Re: The "Let's Just Hope He's Still in the top 10 When it's Over" Spring HC Season Th
The hot ticket: Roddick's the US star, but headed to Dubai
Mideastern country waves big money
By Matthew Cronin, TennisReporters.net
FROM THE SAP OPEN IN SAN JOSE – Even on his worse day, Andy Roddick is wildly entertaining. He's expressive, he fights, he bombs serves, gasps for returns, spills his guts at the net. His tennis is by no means always pretty, and can sometimes be downright ugly, but he's a scrapper, a real ticket seller and he's the best thing in American tennis now, for better or worse.
Roddick barely survived Australian Chris Guccione 6-3, 6-7(3), 7-6(5) in the first round and had he lost, the tournament would have really struggled to sell more tickets. Roddick outdrew Blake, who played Tuesday, and the crowd was more enthusiastic. Perhaps that because the match was more tightly contested or perhaps it's because fans are more drawn to Roddick's unquenchable thirst for greatness. He will never achieve the standards of his head coach, Jimmy Connors, or those of John McEnroe, Pete Sampras, Andre Agassi and even Jim Courier, but he believes he still belongs in the mix. Blake has yet to convince anyone of that yet.
Roddick will play Dubai in two weeks time, skipping Memphis, where he has been a fixture, and of course ignore Las Vegas, where Mayor Oscar Goodman torched him two years ago for not showing. Roddick instead is choosing to join Roger Federer, Rafael Nadal and Novak Djokovic in Dubai, where they pay out a couple million in guarantees. With Roddick being the biggest US drawing card, that's a killer for Memphis and Las Vegas, but he's also an international star and is in demand abroad. BTW: Scot Andy Murray, who has also played the entire US winter/spring circuit last year, will also play Dubai.
"If I'm going to get a crack at those guys, sometimes that means you have to chase them around and, if that means going to Dubai that means going to Dubai," Roddick said. "Plus, I hear it's nice."
I asked Roddick whether it crossed his mind when he made the decision to play Dubai if he was aware that it would hurt the US events, even given the better field abroad and the larger payout.
"Those points factored into those decision, but I thought it was easier to schedule less weeks and add a wildcard if I needed it. The field is just so strong there and I feel like you have to go after it sometimes and that's what I feel I have to do."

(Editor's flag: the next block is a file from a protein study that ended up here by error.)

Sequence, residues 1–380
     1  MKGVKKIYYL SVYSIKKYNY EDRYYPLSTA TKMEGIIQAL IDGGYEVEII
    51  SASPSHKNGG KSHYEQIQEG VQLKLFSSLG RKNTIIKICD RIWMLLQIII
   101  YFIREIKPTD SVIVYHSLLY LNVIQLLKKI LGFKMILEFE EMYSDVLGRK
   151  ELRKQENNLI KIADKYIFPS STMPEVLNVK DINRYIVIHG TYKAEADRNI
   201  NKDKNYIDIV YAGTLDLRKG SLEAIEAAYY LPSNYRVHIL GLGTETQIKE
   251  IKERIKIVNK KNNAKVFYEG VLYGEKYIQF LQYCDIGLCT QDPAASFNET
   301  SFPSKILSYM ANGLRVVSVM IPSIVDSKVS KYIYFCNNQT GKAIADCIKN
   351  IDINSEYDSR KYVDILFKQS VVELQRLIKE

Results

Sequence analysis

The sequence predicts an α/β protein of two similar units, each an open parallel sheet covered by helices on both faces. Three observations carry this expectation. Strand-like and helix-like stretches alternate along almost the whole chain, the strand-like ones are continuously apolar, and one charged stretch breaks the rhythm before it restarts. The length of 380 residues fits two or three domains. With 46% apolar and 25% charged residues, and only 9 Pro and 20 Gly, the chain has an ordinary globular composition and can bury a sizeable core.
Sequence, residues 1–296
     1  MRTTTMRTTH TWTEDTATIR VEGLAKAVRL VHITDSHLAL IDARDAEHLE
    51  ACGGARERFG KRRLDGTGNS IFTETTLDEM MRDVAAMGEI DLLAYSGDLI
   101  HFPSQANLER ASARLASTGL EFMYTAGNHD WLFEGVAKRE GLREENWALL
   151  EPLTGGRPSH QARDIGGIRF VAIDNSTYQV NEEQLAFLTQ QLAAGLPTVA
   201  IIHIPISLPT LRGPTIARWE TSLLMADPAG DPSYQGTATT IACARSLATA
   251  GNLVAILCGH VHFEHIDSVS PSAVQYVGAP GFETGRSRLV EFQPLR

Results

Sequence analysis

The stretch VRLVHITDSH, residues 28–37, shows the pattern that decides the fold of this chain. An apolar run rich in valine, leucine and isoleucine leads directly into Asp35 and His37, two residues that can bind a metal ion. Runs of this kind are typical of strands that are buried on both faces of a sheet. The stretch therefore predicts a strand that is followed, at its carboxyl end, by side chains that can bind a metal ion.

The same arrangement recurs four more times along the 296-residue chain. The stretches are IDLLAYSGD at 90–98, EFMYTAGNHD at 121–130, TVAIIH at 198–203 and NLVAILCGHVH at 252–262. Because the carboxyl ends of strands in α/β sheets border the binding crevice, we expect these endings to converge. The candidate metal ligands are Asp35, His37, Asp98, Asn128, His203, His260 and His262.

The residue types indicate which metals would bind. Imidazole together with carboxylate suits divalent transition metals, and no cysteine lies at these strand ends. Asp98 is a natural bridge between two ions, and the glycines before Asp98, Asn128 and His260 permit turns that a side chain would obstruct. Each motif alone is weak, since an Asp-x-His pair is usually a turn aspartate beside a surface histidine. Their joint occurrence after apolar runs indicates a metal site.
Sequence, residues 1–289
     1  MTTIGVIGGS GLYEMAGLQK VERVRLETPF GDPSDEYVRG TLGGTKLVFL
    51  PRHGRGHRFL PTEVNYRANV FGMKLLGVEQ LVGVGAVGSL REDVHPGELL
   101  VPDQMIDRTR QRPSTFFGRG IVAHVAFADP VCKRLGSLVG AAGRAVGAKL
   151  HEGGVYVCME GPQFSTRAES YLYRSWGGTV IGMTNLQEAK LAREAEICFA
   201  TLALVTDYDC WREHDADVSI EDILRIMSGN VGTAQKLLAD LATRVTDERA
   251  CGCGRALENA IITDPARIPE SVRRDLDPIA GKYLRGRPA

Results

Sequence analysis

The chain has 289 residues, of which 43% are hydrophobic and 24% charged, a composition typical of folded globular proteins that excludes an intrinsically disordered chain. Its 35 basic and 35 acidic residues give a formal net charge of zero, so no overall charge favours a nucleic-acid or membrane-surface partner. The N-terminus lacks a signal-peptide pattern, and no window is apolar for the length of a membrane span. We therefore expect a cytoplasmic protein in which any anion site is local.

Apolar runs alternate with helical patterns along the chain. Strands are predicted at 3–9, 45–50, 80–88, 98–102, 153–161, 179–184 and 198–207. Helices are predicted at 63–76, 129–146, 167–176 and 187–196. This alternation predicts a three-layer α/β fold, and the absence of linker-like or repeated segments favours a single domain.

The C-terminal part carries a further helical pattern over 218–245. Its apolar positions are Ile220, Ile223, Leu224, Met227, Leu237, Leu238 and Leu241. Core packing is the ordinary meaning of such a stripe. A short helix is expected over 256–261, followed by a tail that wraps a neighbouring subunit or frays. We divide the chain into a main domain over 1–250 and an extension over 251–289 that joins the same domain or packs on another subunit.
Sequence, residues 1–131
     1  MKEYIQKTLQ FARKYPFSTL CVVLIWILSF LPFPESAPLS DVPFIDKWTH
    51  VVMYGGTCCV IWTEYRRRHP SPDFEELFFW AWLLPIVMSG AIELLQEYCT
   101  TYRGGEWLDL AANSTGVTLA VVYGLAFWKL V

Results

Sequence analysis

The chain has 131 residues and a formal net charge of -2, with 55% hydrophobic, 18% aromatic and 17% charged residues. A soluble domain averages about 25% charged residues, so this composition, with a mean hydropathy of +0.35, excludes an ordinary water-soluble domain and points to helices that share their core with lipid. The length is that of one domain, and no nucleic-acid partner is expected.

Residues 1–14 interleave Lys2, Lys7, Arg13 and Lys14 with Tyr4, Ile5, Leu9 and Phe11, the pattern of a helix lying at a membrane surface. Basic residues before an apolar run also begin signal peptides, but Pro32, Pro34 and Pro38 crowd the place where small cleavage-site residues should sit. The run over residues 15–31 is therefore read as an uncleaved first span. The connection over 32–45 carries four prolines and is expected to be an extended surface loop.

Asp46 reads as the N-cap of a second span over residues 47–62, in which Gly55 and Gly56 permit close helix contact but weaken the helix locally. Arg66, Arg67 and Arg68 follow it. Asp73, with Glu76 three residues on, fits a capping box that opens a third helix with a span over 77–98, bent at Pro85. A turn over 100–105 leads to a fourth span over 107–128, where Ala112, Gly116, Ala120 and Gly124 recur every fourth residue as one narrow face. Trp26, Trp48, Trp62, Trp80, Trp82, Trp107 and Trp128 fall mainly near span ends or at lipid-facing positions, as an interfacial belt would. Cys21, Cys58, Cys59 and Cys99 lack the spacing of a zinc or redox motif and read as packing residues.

So it is what it is: The oil rich nation is outspending a small- and medium-sized US cities by massive amounts. So what's the ATP to do here? How about a cap on guarantees for similar size tournaments? It's pretty apparent that the Tennis Channel doesn't have the resources to shell out million-dollar guarantees, nor does Memphis, which is played a week before Dubai, but is essentially competing with the tournament because most of the elite players are not going to compete a month straight if you include their mandatory appearances at Indian Wells and Miami.
A cap of guarantees is fair for equal-sized tournaments. Let's say $1.5 million per event and then every tournament at least has a shot at a couple of stars. And please, I don't want to hear about the free market, because Dubai and US tournaments, or Dubai and Latin American tournaments, play by different rules. The Tennis Channel may have some wheeler-dealers and has received a substantial payout from the city of Las Vegas, but it is not backed by a monarchy that has been in power for 175 years. It's simply not free trade in the truest sense. Maybe, if there was some kind of cap, Memphis and Vegas could feature Roddick, Blake and, saints alive, an attractive foreign player like Nadal and Djokovic. But not this year, when the fields are thin.
Back to the tennis, where Roddick played an excellent third-set tiebreak to pull out the win over Guccione, who served and volleyed quite well. Believe it or not, it was one of Roddick's better returning nights as he slapped a lot more balls backs than the score indicates.
"I thought I returned pretty well tonight but your are not going to get a sniff sometimes," said Roddick, who bombed nine aces to 20 from Guccione. "I thought I outplayed him from the start, but I'm just glad I have something to show for it."
Roddick will face Japanese teen sensation Kei Nishikori, who beat Diego Hartfield of Argentina 7-5, 6-3.
Coming off his first ATP title run in Delray Beach last week, Nishikori said he was bit mentally tired, but still was jumping into his ground strokes. He's not a very muscular guy, but he gets his full weight into the ball. Roddick was in the arena to check out the 18-year-old.
"I wanted to play Roddick that's why I won today," Nishikori said. "When I was at 4-3 and saw he was watching, I got so nervous. For two games I couldn't move."
Roddick's take: "It looks like he's just full of confidence and he was ranked 244 in Delray Beach and all of a sudden he's a player. But he has nothing to lose and had confidence on his side so it will be tough."